Under a research grant from the National Institutes of Health, neuroscientists Antonio and Hanna Damasio at the University of Southern California have identified an area of the brain that sponsors the “mind’s touch.” When shapes are meaningless, we form incomplete perceptions of objects. However, when we have the luxury to combine those features through multiple modalities, we can identify them using a multitude of perspectives, frequently producing an unparalleled dimension of understanding. Suddenly, a picture can emerge, which gets composed by specialized but separate modules that generate a visual image through “brain-sight.”
In the preceding brain-sight activity, it was impossible for any visual information to be transmitted from the retina (in the back of your eyes) to the primary visual cortex in the back of your brain with your eyes closed. However, you still could “see” the object and form a mind’s-eye image through intentional visualization. These procedures demonstrate that “seeing” via the “mind’s touch” actually will activate the same brain areas that would otherwise respond to normal observation. Consequently, a qualitatively better reproduction of the object was produced by brain-sight than by the “seeing and drawing” or “seeing and tracing” re-creations of precisely the same object.
Perhaps the most amazing aspect of this activity is that the first of the three drawings (the brain-sight or “sightless” version) will almost invariably be drawn completely to scale and in perfect proportion. This is why you should use graph paper. This brain-sight experience demonstrates that our traditional view of the singularity of visual perception can no longer be supported.
The somatosensory cortex, where the sense of touch is processed, turns out to be directly connected to the lateral occipital cortex, the brain region responsible for sight. Tactile activations in the lateral occipital cortex turn out to be essential, rather than tangential, to visual recognition. The lateral occipital cortex can be triggered by touch. Multi-modal recognition by these brain regions is what makes brain-sight experiences successful.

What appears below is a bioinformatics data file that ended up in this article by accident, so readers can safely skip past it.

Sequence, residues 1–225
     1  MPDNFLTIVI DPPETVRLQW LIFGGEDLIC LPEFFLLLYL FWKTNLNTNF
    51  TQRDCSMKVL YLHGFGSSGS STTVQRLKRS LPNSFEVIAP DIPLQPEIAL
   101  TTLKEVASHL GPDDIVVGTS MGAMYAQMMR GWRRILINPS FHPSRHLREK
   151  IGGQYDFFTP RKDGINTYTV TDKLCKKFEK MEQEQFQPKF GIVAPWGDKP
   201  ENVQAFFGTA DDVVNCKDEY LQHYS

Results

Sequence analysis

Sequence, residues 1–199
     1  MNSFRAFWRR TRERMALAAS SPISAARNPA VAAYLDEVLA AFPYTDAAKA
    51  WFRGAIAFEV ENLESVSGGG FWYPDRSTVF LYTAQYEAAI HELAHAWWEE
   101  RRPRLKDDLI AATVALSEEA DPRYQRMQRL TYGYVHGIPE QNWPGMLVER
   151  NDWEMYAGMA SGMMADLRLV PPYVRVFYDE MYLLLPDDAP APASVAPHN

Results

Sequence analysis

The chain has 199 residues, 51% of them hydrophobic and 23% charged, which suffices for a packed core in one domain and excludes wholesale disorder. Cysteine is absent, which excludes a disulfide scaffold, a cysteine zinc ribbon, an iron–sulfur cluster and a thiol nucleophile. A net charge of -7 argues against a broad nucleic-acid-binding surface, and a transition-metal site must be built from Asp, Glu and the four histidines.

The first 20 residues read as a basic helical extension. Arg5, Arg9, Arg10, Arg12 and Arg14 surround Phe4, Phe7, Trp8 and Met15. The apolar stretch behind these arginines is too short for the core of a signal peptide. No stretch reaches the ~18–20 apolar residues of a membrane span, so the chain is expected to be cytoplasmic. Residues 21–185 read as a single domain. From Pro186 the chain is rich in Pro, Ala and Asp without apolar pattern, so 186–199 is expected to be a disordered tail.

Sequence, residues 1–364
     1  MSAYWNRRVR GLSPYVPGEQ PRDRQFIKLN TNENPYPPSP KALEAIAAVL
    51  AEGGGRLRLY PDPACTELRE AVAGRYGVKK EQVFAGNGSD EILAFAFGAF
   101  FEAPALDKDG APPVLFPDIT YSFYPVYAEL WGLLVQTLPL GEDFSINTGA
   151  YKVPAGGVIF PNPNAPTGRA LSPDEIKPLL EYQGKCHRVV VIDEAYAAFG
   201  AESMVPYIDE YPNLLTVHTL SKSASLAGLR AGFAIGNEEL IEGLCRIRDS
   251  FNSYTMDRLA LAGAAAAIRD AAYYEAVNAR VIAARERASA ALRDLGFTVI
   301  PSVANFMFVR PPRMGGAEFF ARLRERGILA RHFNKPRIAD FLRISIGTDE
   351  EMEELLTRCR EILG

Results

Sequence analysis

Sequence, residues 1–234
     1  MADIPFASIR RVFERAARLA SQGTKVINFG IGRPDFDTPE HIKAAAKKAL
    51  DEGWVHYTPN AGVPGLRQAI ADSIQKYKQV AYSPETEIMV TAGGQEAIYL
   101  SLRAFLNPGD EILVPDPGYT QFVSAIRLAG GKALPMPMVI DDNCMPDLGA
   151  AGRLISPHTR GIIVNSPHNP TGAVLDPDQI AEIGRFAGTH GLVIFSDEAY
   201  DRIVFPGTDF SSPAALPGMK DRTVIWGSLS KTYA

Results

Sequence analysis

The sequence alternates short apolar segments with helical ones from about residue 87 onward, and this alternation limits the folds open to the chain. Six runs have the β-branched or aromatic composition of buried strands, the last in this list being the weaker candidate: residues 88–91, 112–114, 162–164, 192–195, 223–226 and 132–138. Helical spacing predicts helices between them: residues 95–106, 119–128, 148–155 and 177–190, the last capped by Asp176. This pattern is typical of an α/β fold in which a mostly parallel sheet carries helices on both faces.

Cats, nocturnal animals, and subterranean mammals (e.g., moles and gophers) rely heavily on the sense of touch when scampering about in the darkness. The keen sense of touch in humans allows us to recognize and identify objects that cannot be processed by the visual cortex when we are walking in near or complete darkness, such as in our own home with the lights out late at night. Damage to the posterior parietal areas of the brain can result in agnosia, the inability to recognize common objects by merely feeling them, although the individual may have neither memory loss nor trouble recognizing the same object by sight or by the sound it makes. Such sensory deficits are typically restricted to the contralateral side of the body relative to the damaged hemisphere.
For young children who are struggling with simple arithmetic, a similar strategy using a “brain-sight box” can produce remarkable learning advances. Many young learners find arithmetic difficult, not due to the mathematical complexity but because they have difficulty holding the concept of number in working memory. As a result, number sense is elusive to these young learners, since they cannot maintain visual images of the quantities in their mind’s eye. If children cannot see those precise quantities in their mind’s eye, they cannot manipulate them.
Working with math manipulatives can sometimes be helpful for such children. However, allowing a child to work with math manipulatives inside a brain-sight box will yield faster and longer benefits in their development of number sense. When children engage in exercises where they are working with math manipulatives on a desktop or tabletop, they often will base their recall on the visual experience. Making the transition to pencil-and-paper recordings of their thinking can be a broad cognitive leap.